Quick Facts About the Hashtag

Quick Facts About the Hashtag

Hashtags are used today as twitter tools to group specific topics of relevancy based upon the combination of letter & numbers used along with the pound (#) sign. Turning 10 years in 2017, hashtags was an idea generated by a Silicon Valley UX designer Chris Messina back in 2007. Hashtags revolutionized the social media industry and are now widely used on almost all social media platforms to help people connect to their topic of interest. Bringing few quick facts about hashtags in this post which will make amaze you for sure:

Quick Facts About the Hashtag
Quick Facts About the Hashtag
  1. Hashtags Comes From Latin Term For “Pound Weight”

Though there is no definitive origin of the hash (or pound) symbol, but there are few theories which suggest that it is a 14th century Latin symbol. People used a similar symbol called the ‘tittle’ during that time to denote letters as connected which eventually became the pound (#) sign what we see today.


  1. Hashtags were originally called OCTOTHORPETAG.

Hashtag was first used on the telephone dial-buttons by AT&T who wanted a complete square keypad with 10 digits (1-9, including 0). Since two spaces were remaining in order to give it a 3X4 square, they added the numeric sign and an asterisk to it. Don MacPherson, an AT&T employee gave hashtags an official name as Octothorpe – octo because it has 8 points and thorpe because he was a fan of football player Jim Thorpe.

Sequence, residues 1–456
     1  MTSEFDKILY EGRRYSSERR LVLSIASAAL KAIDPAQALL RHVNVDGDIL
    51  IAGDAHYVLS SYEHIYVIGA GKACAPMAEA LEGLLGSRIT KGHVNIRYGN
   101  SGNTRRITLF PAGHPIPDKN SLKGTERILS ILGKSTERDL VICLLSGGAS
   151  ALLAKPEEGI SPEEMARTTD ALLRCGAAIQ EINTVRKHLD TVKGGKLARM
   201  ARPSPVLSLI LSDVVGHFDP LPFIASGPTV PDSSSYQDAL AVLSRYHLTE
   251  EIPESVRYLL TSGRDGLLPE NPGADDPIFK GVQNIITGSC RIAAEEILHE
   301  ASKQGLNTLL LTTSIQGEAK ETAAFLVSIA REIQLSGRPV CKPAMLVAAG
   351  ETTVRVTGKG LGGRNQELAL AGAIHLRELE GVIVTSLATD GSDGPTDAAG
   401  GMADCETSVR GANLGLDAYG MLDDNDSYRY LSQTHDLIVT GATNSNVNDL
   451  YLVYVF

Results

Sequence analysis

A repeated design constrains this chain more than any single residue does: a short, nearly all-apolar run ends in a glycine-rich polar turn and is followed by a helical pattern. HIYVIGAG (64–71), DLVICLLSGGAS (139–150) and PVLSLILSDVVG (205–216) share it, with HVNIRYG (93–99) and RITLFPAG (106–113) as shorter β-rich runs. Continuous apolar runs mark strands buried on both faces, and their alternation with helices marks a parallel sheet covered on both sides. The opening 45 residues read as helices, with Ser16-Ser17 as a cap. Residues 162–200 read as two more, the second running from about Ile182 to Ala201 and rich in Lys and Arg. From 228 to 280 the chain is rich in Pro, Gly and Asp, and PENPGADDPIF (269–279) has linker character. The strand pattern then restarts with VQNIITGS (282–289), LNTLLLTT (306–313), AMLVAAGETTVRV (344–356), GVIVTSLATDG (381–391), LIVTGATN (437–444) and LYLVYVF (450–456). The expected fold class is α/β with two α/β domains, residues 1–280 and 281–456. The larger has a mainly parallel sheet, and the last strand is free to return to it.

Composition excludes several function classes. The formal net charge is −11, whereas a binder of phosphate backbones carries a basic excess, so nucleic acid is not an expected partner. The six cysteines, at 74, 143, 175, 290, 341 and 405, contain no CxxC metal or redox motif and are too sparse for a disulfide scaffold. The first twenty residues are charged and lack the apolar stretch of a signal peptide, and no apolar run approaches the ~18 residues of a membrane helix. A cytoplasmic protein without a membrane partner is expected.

Quick Facts About the Hashtag
Quick Facts About the Hashtag
  1. Twitter Initially Rejected The Hashtag Idea

Chris Messina, a Google+ UX designer when initially proposed the idea of using hashtags as groups in one of his tweet the idea fall flat in front of twitter team. They rejected the idea at first but later adopted it after the idea got popular.


  1. Officially Entered the Oxford Dictionary

In 2014 the Oxford dictionary added the hashtag into its database as follows:

“hashtag n. (on social media web sites and applications) a word or phrase preceded by a hash and used to identify messages relating to a specific topic; (also) the hash symbol itself, when used in this way.”



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